CADence digital stethoscope's better than a conventional one
It may be about time the technology of the stethoscope, derived from the Greek for chest exploration, was upgraded. It was invented in 1816, the years that the Mfecane wars started in South East Africa. That’s when Rene Theophile Hyacinthe Laennec, a young French physician at the Hôpital Necker-Enfants malades in Paris, was examining a young female patient. It seems he was too embarrassed to place his ear to her chest to listen to its revealing sounds, a technique known as immediate auscultation, a form of listening, and used by physicians of the time. Instead, he invented the stethoscope and with it, clinical auscultation.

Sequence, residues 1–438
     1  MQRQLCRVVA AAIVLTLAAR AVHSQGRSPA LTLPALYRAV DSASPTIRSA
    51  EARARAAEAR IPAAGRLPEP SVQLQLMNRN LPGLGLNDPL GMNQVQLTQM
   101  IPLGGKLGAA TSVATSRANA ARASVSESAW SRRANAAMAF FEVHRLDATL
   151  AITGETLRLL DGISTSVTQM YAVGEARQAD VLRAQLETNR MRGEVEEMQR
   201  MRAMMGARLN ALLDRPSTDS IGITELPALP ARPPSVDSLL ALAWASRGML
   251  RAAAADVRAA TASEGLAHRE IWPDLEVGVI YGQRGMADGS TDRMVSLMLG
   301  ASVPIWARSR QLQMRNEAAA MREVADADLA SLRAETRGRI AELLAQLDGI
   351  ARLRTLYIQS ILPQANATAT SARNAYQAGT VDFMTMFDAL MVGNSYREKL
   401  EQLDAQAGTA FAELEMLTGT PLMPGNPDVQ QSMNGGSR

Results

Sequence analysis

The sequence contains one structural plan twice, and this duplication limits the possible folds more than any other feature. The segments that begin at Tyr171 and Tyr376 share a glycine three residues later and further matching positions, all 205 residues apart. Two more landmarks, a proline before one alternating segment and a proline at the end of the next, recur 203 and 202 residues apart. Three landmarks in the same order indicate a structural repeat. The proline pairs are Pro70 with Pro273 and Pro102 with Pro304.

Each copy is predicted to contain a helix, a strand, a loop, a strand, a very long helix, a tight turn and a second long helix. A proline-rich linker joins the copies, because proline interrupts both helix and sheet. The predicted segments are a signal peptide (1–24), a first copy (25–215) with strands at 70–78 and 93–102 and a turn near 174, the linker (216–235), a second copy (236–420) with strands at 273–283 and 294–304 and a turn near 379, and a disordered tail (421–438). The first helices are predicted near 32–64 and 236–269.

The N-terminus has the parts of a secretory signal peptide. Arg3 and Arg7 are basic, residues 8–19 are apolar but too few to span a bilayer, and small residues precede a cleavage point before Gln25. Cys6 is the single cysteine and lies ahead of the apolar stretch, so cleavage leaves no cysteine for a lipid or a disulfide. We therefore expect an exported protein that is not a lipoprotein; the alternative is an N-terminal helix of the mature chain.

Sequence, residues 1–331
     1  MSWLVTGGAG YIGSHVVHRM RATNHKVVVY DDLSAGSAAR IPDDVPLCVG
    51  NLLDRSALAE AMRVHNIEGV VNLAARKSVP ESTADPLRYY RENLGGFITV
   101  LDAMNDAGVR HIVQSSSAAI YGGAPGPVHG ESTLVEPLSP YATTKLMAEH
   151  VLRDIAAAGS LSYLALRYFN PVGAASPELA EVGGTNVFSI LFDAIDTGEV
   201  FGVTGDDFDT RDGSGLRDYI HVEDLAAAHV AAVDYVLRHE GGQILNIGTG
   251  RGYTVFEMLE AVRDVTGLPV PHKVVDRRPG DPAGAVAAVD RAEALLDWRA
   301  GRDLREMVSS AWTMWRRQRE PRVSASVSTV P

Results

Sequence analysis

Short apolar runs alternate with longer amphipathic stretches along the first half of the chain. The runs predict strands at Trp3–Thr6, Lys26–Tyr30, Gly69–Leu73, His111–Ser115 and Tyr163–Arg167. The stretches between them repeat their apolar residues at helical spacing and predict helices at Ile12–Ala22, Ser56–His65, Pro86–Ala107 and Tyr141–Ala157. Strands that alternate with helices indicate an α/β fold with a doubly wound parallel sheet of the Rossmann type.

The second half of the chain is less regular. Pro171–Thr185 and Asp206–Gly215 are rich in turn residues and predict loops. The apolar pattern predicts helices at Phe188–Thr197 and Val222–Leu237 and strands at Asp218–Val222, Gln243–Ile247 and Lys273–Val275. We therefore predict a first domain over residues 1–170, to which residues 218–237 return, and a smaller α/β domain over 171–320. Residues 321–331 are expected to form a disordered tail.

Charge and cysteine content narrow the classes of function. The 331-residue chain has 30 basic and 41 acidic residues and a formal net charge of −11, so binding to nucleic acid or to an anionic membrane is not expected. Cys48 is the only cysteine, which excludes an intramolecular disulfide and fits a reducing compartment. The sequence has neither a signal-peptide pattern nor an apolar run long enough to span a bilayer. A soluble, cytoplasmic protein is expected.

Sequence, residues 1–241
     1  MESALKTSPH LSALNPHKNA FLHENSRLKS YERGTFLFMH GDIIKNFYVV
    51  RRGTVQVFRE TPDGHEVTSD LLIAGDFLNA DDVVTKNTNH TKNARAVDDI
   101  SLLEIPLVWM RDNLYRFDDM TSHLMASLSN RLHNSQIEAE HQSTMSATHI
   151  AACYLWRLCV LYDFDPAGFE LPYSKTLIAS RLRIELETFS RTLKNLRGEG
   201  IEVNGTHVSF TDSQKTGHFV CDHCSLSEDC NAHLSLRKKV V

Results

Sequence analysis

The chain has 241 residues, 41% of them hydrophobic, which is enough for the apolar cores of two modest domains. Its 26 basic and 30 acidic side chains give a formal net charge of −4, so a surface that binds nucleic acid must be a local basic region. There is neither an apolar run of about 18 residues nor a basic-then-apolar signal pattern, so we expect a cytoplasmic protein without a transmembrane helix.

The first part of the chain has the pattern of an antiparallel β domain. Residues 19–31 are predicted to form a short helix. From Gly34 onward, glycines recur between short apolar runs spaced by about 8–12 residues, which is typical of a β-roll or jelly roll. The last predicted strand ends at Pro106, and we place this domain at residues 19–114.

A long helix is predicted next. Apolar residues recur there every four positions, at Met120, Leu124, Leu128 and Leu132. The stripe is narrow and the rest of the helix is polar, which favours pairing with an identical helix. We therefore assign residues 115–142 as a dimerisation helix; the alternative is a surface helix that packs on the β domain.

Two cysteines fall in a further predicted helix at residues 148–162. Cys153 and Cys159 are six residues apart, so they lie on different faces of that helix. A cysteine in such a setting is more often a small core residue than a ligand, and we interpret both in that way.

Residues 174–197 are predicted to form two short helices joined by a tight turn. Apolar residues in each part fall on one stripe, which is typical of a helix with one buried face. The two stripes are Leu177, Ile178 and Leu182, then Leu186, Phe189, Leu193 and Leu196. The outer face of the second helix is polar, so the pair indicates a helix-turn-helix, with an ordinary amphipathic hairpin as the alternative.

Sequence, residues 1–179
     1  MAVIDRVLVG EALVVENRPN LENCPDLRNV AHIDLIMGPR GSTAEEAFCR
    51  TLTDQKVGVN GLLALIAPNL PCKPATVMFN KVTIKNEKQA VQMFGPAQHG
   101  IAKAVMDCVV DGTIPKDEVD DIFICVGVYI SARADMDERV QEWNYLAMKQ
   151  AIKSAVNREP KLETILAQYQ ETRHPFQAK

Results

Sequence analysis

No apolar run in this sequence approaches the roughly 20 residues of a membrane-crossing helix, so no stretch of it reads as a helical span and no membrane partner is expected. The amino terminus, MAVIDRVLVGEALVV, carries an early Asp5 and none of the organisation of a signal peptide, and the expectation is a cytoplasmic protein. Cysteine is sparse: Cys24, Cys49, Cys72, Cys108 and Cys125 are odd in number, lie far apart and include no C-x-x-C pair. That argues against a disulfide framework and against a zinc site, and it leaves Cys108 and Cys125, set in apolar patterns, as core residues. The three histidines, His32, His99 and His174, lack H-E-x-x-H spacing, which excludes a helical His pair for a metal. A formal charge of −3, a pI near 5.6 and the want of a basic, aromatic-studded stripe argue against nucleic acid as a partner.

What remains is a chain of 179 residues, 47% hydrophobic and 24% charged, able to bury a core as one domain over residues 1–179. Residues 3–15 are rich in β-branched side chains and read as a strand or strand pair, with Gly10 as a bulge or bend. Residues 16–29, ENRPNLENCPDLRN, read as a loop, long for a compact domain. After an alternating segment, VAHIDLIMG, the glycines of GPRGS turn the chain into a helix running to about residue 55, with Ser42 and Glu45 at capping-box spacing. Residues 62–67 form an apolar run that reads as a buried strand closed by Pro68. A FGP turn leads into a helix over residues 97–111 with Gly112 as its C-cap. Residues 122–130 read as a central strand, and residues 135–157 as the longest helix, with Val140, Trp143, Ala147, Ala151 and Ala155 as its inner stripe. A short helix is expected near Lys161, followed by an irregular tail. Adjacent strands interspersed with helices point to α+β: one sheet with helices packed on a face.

Her company, AUM Cardiovascular has a core goal of diagnosing obstructive coronary artery disease in patients with chest pain and two or more risk factors. AUM is a Sanskrit syllable meaning “to make a continuous low humming sound.” CADence is a hand-held, fast, affordable device that picks these low frequency noises from feeble diastolic murmurs that conventional stethoscopes don’t pick up. The motivation for CADence is direct experience of personal, unexpected cardiovascular tragedies.
It take about twelve minutes to have a reading from CADence’s algorithms, about eight minutes for measurement, then four minutes for data transmission, using WiFI and Bluetooth. CADence is used in 25 sites, is available in the USA, and is awaiting Food and Drugs Administration (FDA) approval. It could be several years before it’s on sale in Africa, but it’ll soon replace Laennec’s techology